River Landing fat lady refuses to sing

Lake Placid Developments CEO Michael Lobsinger appeared before Saskatoon City Council last night and made an appeal seeking resurrection of a deal his company had made with the city to purchase “Parcel Y” in Saskatoon’s Central Business District. Lake Placid had plans to build River Landing Village, an upscale hotel and condominium development. That deal died on October 30 of last year when the company failed to meet the payment deadline for the land following a number of extensions granted by the city. Lake Placid ultimately faced challenges in securing financing for the project after the global economy went south and lenders tightened the purse strings.

So, what has changed and why should we care?

Well, most importantly, the money is reportedly in the bank according to Lake Placid’s new partner, Dr. Karim Nasser who also attended the council meeting and provided assurances that he has the goods to immediately deliver up full payment for the parcel and to see the project through to its completion. Dr. Nasser is best known to be a respected professor and a generous philanthropist having donated $12 million dollars to the University of Saskatchewan. That kind of gesture should provide some assurance that the guy has access to cash. People don’t often give $12 million bucks away, and those that do probably feel some measure of confidence that money won’t be a big problem for them in the future. I think this guy is the real deal.

Also on hand at last night’s meeting was Manilo Marescotti, vice president of development for Marriot Hotels. Mr. Marescotti has indicated publicly that Saskatoon is a “development priority” for the upscale chain of hotels, and more importantly, that the chain is keenly interested in this particular development. This also strikes me as good news, and if I may say so, a darned good fit for this awesome project.

So what’s a city council to do?

After all, they did give Lake Placid its very “last chance” back in August of 2009 with a pay up or get lost kind of ultimatum, and who can blame them for that? At almost every given moment through the final months of the last chapter, Lobsinger claimed that Lake Placid was just days away from coming through with the cash. He said it like he believed it. I suspect he probably did. Still, council could only stand behind the guy for so long before they all started to look like clowns who had completely misread the situation. They finally dropped Lake Placid like the proverbial hot potato and brought Parcel Y back to the drawing board seeking new appraisals and beginning preparation for a new “request for proposals.” They had little choice at the time.

But…but…here he his again and this time he apparently has the cash!

I say, “Take the money baby! Take the money and run!”


1. Well, for starters, Saskatoon could really use another $200 million dollar project right now, and apparently cash is still hard to come by, at least at the quarter billion dollar level.

2. We’ve been trying hard to get something going on this land for a long, long time. Starting the process from scratch could easily take another 3 years, if someone else steps forward who wants to take a bite of this one. If it fails again, you and I could be long gone before this parcel sees further improvements. We’ve already jumped through the hoops to make this deal fly. What realistic benefit could we see by turning this opportunity away? It seems like a big risk to float given the history of “Parcel Y.”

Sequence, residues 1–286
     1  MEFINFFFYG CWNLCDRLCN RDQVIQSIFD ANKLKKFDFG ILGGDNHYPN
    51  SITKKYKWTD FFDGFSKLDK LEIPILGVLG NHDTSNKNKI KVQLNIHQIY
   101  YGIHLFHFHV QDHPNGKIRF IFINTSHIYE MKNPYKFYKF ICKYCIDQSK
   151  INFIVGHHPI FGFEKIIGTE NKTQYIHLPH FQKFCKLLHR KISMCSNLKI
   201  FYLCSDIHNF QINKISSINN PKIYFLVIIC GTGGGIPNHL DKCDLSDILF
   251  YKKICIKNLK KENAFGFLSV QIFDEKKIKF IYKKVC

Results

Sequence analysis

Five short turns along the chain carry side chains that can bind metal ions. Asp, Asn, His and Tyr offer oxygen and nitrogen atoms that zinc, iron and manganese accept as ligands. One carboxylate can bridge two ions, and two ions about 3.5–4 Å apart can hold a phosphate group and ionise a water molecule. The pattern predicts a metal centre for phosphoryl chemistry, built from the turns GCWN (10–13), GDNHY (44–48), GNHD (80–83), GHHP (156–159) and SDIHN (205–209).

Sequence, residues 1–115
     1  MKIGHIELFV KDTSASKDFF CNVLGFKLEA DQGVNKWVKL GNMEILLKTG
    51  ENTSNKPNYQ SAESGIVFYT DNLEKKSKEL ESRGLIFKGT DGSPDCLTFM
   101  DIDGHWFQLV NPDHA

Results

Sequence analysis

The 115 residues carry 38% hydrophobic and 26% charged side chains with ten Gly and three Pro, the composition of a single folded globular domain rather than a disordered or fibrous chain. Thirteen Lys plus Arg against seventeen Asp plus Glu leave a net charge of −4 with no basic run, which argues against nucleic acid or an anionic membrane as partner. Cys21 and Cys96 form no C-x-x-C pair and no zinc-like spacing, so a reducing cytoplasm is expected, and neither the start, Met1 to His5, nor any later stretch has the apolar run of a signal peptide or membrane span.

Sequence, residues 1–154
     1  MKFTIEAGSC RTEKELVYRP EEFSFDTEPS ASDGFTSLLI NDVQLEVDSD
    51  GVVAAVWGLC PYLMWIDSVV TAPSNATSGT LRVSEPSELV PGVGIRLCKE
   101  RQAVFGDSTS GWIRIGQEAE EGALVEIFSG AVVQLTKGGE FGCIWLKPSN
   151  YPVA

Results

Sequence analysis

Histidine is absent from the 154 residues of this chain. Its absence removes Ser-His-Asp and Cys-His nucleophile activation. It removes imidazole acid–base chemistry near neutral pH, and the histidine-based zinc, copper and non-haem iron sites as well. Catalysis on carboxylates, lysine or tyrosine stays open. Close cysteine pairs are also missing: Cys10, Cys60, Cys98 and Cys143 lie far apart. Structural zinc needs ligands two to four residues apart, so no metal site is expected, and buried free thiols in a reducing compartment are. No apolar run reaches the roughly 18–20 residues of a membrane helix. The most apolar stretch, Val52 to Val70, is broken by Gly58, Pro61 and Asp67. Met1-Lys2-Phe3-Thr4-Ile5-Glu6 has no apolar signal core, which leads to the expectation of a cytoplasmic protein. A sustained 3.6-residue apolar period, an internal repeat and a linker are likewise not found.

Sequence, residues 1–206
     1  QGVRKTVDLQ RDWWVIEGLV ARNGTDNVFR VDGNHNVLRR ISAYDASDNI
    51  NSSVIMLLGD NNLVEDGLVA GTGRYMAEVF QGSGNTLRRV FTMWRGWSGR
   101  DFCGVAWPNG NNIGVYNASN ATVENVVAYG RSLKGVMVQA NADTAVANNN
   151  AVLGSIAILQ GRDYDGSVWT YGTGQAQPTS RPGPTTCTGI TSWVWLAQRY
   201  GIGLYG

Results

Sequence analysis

3. Lake Placid has an ultra cool plan that has already been approved for the site and it appears that they’re ready to turn some dirt. In the world of $200 million developments, it doesn’t get much better than that.

4. The other guys don’t appear to be lining up to stake a claim. I mean, for goodness sakes, 200 million dollars doesn’t grow on trees, ya know?

5. Michael Lobsinger deserves this project. I know he really pissed us off when he kept promising to show up with the cheque but this is what we ought to expect from passionate people who put everything they have into really big ideas. They get so deeply invested that they can’t accept that they might fail. This is the kind of brain that you must have to get huge projects like River Landing Village off the ground. This is the kind of spirit and determination that it takes to crack tough nuts and do big stuff. Those failed promises weren’t lies. They were the words of a committed man who had already invested millions of dollars and hundreds of hours. Lobsinger is the kind of person who has the ability to believe even when he’s facing of the worst kinds of adversity, and that’s exactly what he faced when we fell into what many have called “the greatest financial crisis since the great depression.” And, while we were busy kicking him back to Calgary, telling him that the deal was dead, and that he’s a deadbeat, he was still getting up every day looking for $200 million dollars. He still believed that he could pull this thing off. That takes a lot of guts! There’s a certain coolness factor to that, so I love this nearly perfect ending.

Sure, let’s make them pony up with today’s fair market value. Let’s have a look at those books and make darned sure these people can pull this thing off. Let’s double check, and heck; let’s even have our smartest accountants count the cash. If and when we’re satisfied that they can do it, let’s let them go build us a village.

More from the Star Phoenix

Developers tout plan

Lake Placid still in contention for River Landing development

I’m always happy to answer your Saskatoon real estate questions. All of my contact info is here. Please feel free to call or email.

Norm Fisher
Royal LePage Vidorra

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